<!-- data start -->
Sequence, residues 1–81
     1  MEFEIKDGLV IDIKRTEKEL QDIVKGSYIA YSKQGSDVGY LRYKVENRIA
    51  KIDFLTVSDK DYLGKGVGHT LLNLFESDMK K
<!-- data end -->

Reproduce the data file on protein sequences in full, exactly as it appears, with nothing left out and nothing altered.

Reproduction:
Sequence, residues 1–81
     1  MEFEIKDGLV IDIKRTEKEL QDIVKGSYIA YSKQGSDVGY LRYKVENRIA
    51  KIDFLTVSDK DYLGKGVGHT LLNLFESDMK K